Wednesday, April 18, 2012

Kiwi is Gone

Gig Harbor, WA scenes...

Kiwi is now in Washington state. How she got to where she is now, and not to where she was initially going, is a story of stress--both cat and human.

My friend in Brownsville is online more than I am, and has developed rescue contacts. A couple months back two of these contacts agreed to take in two of her rescues, both wobbles cats, one a Siamese. One went to one rescue, who primarily transports rescued Siamese and collies. The other went to a long term rescue/sanctuary, that houses few cats but houses them well and long term if necessary, even for life. I was happy for her to find them a placement.

Then, she took in an Albany stray female, a black long hair, with an injured leg, found by a friend of hers over off Knox Butte. There's a problem house nearby with a woman who takes in animals for whatever reason but doesn't care for them well. The cat likely came over from there.

But she hadn't the space or money to care for Erika, the problem leg cat so she appealed to her online resources again. The one rescue agreed to take her and the other agreed to place a Siamese she had. That Siamese had five female black kittens. I helped her get the last three of them fixed through Poppa funds at the S/nipped clinic. She got the other two done a month earlier, using Safehaven vouchers and a private clinic. However both later came down with distemper and died. Fortunately, the other three had been vaccinated when fixed at S/nipped.

The Siamese and her five girl kittens originally came from someone who otherwise was going to shoot them.

My friend knew about Kiwi, my recent arrival here--the unwanted stray Siamese who had been through so much already. I knew she hated car and carrier travel, but when my friend said the Siamese transport rescue said the people taking Jenny, the Brownsville Siamese, would also take Kiwi, I agreed and offered to ride along.

We left around 8:00 a.m. yesterday morning. I had Kiwi in a soft shell play pen. They're large and very flimsy nylon with a zipper front. However, it would hold a bed and litter box and she couldn't damage her face and nose if she tried to get out.

Kiwi immediately went into car/carrier stress mode. It didn't cease. The trip would be long. I thought she'd calm down after an hour. Or two hours. Or three! You would think. But not Kiwi. She broke out of the soft shell by unzipping it. She isn't dumb! She was then free roaming the car. We thought, "Ok, maybe she'll be fine doing so." But she began climbing onto the dash. I finally made a collar out of my key lanyard and a leash out of my camera bag strap. But her distress increased. At times she would sit quietly on my lap. But not for long.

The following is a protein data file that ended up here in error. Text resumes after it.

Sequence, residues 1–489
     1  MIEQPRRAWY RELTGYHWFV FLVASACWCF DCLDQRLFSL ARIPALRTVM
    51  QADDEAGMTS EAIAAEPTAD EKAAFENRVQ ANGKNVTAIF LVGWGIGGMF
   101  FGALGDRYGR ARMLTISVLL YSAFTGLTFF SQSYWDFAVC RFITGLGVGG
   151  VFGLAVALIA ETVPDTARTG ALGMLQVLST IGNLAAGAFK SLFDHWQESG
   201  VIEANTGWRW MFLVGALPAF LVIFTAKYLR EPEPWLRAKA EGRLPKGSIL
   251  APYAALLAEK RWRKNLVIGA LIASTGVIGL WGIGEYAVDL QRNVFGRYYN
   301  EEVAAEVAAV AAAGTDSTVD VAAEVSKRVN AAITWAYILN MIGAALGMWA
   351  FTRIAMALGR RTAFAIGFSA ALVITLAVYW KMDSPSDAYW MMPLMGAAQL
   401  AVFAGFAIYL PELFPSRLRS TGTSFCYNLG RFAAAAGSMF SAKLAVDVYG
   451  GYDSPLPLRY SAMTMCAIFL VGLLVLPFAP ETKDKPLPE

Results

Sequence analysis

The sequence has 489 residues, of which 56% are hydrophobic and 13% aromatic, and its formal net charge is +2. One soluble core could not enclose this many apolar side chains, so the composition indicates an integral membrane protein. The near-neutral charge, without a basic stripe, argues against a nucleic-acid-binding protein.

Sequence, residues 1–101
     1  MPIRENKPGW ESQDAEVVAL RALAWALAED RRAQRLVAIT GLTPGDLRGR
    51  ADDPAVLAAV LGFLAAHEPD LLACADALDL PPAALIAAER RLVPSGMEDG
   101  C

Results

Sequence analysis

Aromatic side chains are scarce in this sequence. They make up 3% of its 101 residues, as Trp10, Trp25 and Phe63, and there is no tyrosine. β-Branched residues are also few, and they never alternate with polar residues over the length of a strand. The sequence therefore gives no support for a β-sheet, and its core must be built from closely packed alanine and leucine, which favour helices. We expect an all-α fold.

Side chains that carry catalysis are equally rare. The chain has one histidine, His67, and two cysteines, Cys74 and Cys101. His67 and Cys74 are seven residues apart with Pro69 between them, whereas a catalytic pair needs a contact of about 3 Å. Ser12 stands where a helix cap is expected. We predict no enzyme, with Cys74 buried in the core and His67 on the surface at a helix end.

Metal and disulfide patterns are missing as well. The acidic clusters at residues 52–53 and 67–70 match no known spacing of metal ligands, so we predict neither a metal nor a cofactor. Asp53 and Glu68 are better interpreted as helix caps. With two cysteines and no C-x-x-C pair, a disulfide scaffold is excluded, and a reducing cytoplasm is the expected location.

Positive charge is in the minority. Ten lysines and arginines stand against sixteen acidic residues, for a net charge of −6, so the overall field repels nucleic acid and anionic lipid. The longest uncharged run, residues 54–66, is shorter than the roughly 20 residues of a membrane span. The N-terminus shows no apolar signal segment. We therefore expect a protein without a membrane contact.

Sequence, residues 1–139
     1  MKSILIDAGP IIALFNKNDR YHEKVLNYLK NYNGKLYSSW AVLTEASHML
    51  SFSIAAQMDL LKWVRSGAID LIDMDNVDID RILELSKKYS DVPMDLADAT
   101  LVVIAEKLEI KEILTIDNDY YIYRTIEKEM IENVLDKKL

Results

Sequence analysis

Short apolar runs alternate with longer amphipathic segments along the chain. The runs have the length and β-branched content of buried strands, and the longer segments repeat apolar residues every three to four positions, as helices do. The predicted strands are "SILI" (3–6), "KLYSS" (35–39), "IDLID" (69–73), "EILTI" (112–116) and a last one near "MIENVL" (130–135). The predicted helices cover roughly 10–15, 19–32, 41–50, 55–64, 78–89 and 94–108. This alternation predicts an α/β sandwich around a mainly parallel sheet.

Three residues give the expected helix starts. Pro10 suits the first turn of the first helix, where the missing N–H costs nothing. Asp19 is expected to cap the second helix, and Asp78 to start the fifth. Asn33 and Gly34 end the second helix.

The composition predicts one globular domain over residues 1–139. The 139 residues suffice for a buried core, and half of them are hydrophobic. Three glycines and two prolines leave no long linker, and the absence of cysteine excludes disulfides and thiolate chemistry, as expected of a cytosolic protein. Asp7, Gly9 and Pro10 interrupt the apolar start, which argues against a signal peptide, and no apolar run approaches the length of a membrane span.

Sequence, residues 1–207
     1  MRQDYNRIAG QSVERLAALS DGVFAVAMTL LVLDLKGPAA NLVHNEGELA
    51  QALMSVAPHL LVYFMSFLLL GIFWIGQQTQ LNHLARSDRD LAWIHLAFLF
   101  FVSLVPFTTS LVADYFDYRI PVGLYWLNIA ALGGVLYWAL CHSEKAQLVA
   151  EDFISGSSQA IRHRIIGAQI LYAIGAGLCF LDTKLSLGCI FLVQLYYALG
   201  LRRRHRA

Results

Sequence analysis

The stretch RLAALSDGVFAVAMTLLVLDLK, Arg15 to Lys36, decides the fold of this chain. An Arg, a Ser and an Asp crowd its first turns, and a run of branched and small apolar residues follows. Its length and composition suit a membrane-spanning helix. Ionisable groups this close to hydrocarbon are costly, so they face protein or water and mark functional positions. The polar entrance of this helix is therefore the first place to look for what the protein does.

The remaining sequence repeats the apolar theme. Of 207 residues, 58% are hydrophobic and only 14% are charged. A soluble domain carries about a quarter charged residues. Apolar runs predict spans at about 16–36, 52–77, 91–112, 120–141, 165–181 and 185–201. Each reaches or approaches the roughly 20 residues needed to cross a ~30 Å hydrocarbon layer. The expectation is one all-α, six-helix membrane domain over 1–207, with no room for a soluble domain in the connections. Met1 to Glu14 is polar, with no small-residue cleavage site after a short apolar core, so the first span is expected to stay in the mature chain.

We finally stopped and I put her back into the soft shell, this time securing the zipper with the key lanyard clip. Then came diarrhea, explosive, probably because she was trying to hold a need to go and due to stress. The stench was horrific. She broke out again, covered in diarrhea.

We stopped again and this time she had to go into the hard shell carrier. I covered the door on the inside with a towel. By this time, my friend and I were seriously stressed. My friend was chewing her fingernails. I wanted to crawl under the tiny space under the front passenger seat and just cry.

Kiwi continued banging the carrier and rocking it, crying, clawing out the front, her distress was huge. I was afraid she might die of stress. Or that we would. I was kicking myself to the curb for putting her through this. I knew the likelihood of the transport woman taking her now was zilch. My friend told me the home taking the two girls was another two hours further north of Tacoma where we were to meet the woman for the transfer. We tried to think of some solution. We didn't think Kiwi would survive a five hour drive back to Albany either.

We finally made it to the Tacoma mall where the Siamese woman met us. And no, she did not want to deal with transporting stressed out Kiwi. She took Jenny and my friend and I exchanged stressed out looks. What to do now?

Nothing to do, but to take Erika, the bad leg Albany stray, on to the Gig Harbor rescue. When we arrived, that woman was rushed also, because she had a cat needing to see a vet. But when she saw Kiwi and heard what she'd been through on the ride up and in the time before, with her being lost for a month or more, and unwanted, she offered to take her. Kiwi had instantly reverted back into the fun loving easy going kitty she is, when not in a car or carrier.

I was so relieved I could have collapsed on the spot. So was my friend.

The drive back was far easier, far more peaceful. No more stress. Good luck Kiwi in your life journey. You are in great hands. And thank you Viv and Laura, for helping with Kiwi.

Despite the stress, it was fun to see things I rarely see. Made me feel exotic to see the great Columbia river and its bridges, islands and boats, with V shaped white capped wakes spreading out behind their progress and made tiny by distance. And to see the white glistening jet liners flattened by approach or take off, to or from Portland International, laid out over the tops of buildings or tacked low atop the horizon as if suspended in air.

The bridge of the gods, as it is called, across the inlet between Tacoma and Gig Harbor is like a dance of dolphins to behold--sinewy and graceful and beautiful! Like music!

Kiwi and Erika, both former Albany strays in trouble, are now living in Washington state and face far brighter futures than they could have ever encountered here in Oregon.

But that sales tax up there, OMG! What a shock to get a coffee and expect to pay one price but then have it cost almost 10% more. Be glad you live in Oregon, if you do! It's terribly expensive up there, to even buy coffee.

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